The following article authored by Dylan Baddour was originally published in the Houston Chronicle. Reprinted with permission.
Jaime Ramos worked picking ornamental ferns in Florida until he got ready to start a family. He took a higher-paying construction job, but then found himself frustrated by a transient labor force that learns as it goes.
“There are people who’ve been doing this for years and sometimes they don’t know they’re doing something the wrong way,” he said recently. “Just nobody ever taught them.”
Workers came and went. No one got benefits. There was barely opportunity for advancement. Ramos knew it was no place to build a future.
Then he got a call from a brother-in-law in Houston, who told him about one contractor, Marek, that offered a training program and a real career path. So Ramos moved here and took advantage of Marek’s classes. Six years later, he’s a company foreman with a promising future in management.
Without training from Marek, Ramos said, “I’d be job-hopping like the other friends I have.”
Ramos is both an exception in the modern construction industry and exactly the kind of worker that local employers are struggling to cultivate amid a generations-long downturn in the skill and availability of construction labor.
“I’ve yet to run across anybody who doesn’t agree that the industry has a workforce problem,” said Chuck Gremillion, executive director of the Houston-based Construction Career Collaborative (C3), which since 2009 has worked with contractors and project owners to improve their employment standards.
While local community colleges Houston, San Jacinto and Lone Star help prepare students entering the trades, C3 tries to rally contractors to work with the existing labor pool and make the industry more attractive.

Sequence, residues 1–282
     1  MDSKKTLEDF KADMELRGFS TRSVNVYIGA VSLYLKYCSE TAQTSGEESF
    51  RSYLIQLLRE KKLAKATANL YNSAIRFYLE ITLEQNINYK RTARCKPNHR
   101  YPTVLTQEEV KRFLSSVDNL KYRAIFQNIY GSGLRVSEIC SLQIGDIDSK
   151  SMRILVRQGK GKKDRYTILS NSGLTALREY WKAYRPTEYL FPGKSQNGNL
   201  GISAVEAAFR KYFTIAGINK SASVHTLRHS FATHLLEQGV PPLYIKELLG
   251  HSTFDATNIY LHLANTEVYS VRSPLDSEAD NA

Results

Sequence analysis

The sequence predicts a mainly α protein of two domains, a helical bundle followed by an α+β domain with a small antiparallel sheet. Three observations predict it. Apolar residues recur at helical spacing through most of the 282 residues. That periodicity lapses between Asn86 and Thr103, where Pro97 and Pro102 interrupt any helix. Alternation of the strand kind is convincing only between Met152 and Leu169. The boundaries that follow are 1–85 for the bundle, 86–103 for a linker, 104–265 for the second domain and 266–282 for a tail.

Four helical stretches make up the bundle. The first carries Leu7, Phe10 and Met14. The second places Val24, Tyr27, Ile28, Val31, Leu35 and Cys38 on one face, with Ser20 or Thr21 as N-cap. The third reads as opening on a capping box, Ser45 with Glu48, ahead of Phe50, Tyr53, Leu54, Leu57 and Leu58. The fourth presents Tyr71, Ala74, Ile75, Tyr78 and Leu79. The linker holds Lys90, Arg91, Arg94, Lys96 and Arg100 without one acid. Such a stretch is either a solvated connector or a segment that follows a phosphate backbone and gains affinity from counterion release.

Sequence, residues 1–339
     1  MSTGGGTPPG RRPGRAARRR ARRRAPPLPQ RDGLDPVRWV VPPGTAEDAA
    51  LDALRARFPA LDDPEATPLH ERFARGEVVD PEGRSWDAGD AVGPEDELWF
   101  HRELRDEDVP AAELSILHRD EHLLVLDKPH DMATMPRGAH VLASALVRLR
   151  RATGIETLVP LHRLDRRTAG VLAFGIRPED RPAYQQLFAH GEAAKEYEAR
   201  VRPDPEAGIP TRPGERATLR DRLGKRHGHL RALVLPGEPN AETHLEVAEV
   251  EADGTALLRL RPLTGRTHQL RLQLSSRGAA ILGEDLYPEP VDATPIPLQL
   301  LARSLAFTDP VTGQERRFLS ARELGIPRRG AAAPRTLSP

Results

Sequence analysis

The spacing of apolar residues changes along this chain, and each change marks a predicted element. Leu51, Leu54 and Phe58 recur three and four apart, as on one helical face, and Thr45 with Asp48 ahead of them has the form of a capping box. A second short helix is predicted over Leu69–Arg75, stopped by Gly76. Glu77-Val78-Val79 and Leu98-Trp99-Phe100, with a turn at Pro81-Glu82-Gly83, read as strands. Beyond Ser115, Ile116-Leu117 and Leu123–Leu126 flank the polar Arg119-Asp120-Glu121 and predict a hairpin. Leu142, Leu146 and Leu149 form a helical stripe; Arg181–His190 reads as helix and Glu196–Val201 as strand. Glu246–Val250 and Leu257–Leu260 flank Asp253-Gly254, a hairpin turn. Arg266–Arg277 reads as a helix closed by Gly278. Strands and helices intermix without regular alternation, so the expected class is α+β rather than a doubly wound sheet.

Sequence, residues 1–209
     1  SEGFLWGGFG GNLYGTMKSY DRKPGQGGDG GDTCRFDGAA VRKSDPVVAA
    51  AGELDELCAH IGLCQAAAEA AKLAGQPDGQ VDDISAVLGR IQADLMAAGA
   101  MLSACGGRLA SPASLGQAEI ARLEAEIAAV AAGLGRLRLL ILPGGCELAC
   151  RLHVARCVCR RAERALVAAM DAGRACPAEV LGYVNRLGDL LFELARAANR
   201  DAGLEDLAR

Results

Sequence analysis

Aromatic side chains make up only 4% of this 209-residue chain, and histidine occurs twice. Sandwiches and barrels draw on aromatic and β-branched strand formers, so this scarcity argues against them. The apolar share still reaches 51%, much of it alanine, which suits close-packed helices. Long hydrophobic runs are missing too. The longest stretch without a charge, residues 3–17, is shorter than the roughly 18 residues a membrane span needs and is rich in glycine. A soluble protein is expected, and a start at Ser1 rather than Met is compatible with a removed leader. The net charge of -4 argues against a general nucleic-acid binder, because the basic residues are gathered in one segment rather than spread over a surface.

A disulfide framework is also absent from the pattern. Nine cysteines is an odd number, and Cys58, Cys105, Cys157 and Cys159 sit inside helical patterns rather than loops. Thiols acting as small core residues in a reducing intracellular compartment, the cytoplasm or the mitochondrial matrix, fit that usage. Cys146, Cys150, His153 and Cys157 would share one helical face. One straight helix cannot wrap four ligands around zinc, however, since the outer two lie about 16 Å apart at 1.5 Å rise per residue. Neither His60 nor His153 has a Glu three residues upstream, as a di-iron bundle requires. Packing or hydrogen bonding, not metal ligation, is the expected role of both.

That’s a tall task. C3 faces a complicated problem at the intersection of low wages, dangerous work, poor benefits, the scaling back of vocational courses in public schools, and loss of craft training programs once offered by labor unions. Quickly fading are the days of career painters, bricklayers, and drywall hangers.
C3 has taken aim at all of these factors, teaching safety protocol, enforcing good employment practices among its accredited contractors and focusing on craft training as part of a long-term solution.
“We’ve seen this decrease in the availability and the skill level of the workforce over many years,” said Katrina Kersch, chief operations officer for the National Center for Construction Education and Research in Washington, D.C. “The lack of training is why we believe we’re in a workforce shortage.”
The problem is most acute in quickly growing regions with high labor demand, like Texas. Large segments of the construction workforce operate as independent subcontractors drifting from sector to sector without the benefits of full employment, usually learning the craft with no formal training.
Lack of training also harms the bottom line. Research from 2014 from the Construction Industry Institute at the University of Texas found that if 1 percent of project costs were invested in workforce training, productivity rises 11 percent, injuries fall by 26 percent and the amount of work that must be redone falls by 23 percent.
“If there’s a limiting factor in Houston growing, it would be a skilled workforce,” said Jim Stevenson, Houston division president for McCarthy, a contractor accredited by C3.
C3, which hired its first three paid staffers in 2014, now is working to bring on a “craft training champion” by month’s end to encourage and foster in-house training programs at contractors across the city. As Gremillion tells it, the training problem began with the decline in union membership beginning in the 1980s. The unions, he said, traditionally offered craft training.